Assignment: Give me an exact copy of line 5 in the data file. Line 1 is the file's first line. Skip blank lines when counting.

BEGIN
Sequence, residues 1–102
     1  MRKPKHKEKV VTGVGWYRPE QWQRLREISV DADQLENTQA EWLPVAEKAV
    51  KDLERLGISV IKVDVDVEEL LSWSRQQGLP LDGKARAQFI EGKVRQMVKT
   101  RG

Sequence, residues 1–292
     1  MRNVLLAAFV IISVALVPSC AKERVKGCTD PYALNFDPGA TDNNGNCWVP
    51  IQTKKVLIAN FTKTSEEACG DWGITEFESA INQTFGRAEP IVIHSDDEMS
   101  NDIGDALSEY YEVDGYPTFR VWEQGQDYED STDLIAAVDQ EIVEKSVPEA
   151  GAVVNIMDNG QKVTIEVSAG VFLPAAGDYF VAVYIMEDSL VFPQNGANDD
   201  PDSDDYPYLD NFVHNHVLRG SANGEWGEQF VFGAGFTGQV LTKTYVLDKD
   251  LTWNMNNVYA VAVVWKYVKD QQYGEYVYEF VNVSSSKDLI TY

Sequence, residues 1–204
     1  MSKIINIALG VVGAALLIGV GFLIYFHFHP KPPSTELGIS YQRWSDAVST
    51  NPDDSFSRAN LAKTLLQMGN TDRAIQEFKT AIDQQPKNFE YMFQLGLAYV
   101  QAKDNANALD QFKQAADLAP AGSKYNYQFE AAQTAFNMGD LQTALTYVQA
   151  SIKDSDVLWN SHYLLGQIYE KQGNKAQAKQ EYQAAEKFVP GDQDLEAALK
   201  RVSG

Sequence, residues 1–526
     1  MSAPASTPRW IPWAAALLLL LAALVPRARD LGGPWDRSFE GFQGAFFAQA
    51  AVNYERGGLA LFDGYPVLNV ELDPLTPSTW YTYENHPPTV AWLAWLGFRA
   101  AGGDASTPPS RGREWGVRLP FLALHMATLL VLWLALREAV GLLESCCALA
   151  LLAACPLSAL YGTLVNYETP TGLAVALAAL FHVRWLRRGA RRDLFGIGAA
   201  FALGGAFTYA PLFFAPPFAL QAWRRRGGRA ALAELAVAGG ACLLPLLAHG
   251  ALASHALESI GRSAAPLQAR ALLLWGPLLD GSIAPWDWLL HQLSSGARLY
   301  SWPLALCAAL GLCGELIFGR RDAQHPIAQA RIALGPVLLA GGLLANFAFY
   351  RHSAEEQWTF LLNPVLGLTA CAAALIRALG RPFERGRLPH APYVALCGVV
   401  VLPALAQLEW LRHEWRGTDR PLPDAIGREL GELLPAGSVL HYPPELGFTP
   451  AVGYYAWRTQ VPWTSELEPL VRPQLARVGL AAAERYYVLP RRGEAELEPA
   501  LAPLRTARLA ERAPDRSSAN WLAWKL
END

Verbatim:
Sequence, residues 1–292